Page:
Stage shows continued through the 1960s with the appearance of many top artists. I remember seeing Cliff Richard on two occasions when he was still young and raw and still presented himself as a rocker. I also remember seeing Emile Ford & the Checkmates. After that, my musical tastes changed and I began going to Jazz Clubs and listening to modern jazz and thought myself far too sophisticated for pop music!
However, I certainly would not have turned up my nose at seeing the performer, who was to appear at the Adelphi on 7th October, 1962. On this memorable date Little Richard was slated to grace the stage. I was very upset about the date chosen, as this was the day I was to leave home to go away to college. Regrettably I missed the show and never had the opportunity of seeing Little Richard scream and cavort in his prime. A great loss! Sometime later in 1963, the Beatles arriving by helicopter appeared at the theatre and caused a sensation, as they did everywhere they went.
The theatre was also used for Wrestling and all the stars appeared there during the late 1950s and 1960s and were cheered and booed accordingly. I don’t remember if boxing was ever presented, but I know that the ex-Middleweight Champion of the World, Randolph Turpin, appeared there, but this might have been in his wrestling days.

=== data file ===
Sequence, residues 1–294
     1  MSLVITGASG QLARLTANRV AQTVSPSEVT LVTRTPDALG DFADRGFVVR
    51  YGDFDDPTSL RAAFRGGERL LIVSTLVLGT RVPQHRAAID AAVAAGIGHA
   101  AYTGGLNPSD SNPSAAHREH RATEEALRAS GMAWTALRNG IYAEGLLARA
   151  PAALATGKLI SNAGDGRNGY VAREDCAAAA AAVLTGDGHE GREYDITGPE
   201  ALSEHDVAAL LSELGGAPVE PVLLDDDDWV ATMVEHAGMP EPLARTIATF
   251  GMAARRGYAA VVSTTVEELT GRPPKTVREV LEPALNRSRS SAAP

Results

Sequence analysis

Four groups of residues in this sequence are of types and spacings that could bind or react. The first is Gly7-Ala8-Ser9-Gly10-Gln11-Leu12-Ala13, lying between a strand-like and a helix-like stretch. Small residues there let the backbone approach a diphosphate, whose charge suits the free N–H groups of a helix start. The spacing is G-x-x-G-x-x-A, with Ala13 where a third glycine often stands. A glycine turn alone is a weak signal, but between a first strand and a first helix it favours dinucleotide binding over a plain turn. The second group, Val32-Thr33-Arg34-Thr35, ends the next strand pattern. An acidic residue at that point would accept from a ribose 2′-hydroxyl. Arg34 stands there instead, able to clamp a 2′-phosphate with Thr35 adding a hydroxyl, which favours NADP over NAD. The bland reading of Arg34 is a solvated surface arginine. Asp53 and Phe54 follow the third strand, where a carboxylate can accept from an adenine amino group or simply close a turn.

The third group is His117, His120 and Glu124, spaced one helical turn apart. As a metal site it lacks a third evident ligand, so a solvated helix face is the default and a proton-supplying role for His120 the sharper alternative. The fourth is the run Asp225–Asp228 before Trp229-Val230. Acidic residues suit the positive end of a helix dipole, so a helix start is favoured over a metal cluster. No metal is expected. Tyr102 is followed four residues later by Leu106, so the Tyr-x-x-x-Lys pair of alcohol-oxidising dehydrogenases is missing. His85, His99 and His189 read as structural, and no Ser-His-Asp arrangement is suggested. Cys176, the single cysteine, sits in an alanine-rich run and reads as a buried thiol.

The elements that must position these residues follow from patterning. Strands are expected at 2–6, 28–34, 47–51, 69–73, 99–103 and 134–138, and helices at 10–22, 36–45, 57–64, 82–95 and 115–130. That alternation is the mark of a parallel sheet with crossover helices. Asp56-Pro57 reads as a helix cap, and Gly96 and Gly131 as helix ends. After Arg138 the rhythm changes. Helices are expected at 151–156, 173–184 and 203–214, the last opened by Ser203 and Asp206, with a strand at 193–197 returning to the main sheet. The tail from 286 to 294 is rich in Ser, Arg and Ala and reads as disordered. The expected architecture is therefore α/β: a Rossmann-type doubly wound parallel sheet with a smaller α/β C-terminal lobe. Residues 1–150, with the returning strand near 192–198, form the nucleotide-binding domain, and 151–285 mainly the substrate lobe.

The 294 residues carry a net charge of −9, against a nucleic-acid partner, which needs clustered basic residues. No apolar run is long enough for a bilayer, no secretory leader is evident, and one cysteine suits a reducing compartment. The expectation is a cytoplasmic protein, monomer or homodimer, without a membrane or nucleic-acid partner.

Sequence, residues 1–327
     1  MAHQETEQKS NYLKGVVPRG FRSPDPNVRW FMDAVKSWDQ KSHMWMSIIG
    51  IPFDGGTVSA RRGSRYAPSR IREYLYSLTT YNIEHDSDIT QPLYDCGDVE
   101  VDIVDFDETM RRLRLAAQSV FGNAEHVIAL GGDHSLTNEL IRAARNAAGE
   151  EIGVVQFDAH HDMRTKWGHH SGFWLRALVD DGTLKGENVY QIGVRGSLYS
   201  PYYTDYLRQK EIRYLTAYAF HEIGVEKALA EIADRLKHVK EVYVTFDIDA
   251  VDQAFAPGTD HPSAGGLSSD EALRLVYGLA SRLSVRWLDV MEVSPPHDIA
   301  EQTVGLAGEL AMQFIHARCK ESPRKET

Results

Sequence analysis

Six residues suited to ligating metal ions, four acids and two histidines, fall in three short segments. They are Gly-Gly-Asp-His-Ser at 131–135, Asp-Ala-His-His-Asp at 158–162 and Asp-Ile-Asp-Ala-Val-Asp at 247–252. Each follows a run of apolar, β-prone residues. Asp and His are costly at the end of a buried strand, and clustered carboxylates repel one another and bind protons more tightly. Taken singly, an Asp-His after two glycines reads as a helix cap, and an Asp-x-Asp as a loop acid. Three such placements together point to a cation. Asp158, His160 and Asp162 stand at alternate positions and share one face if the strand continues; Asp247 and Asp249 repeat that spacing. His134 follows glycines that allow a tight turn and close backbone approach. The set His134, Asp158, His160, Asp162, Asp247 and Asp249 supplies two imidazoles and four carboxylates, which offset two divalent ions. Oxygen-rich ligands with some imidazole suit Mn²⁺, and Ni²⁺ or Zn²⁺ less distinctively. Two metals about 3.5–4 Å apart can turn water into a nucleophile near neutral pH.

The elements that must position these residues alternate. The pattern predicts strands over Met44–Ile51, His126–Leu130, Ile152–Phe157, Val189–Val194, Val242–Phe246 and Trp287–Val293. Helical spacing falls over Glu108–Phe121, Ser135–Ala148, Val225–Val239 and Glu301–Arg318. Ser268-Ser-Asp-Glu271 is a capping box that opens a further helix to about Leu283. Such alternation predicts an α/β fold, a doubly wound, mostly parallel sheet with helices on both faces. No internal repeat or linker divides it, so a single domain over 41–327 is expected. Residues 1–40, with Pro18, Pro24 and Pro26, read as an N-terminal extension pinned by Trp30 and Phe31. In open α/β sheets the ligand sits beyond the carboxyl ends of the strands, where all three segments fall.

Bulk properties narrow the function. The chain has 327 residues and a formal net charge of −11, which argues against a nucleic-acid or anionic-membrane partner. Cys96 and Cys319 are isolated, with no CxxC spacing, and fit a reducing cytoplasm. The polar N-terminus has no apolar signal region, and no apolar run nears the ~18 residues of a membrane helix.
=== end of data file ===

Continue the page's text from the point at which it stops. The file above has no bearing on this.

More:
I cannot remember the last film I saw at the Adelphi for certain, but I believe it was Sweet Bird of Youth in 1962 just before I left school. I learned that the theatre closed on 21st January, 1973 following the screening of Komm, liebe Maid und mache, which was translated as Sex is a Pleasure – go figure! On 18th May, 1973, the building was reopened as a Granada Bingo Club and operated as such until May 1991 when it became a Gala Bingo Club.
Over the years, I used to pass the Gala during visits to my parents’ home and then later to visit their graves. I always wondered what changes had been made to the building, but never went to see for myself, that is, not until a Sunday in November 2011.
I had gone to visit my parents’ graves and was returning to Slough Centre with a walk through Salt Hill, which is a park close to the Gala. As I was passing by, I saw a number of people going in for the afternoon session. I remember thinking it might be interesting to take a look at the place now. I felt a little embarrassed as I had no idea how to join a Bingo Club. I should not have worried as registration proved easy and soon I held my own club membership card and was swiping it through the machine.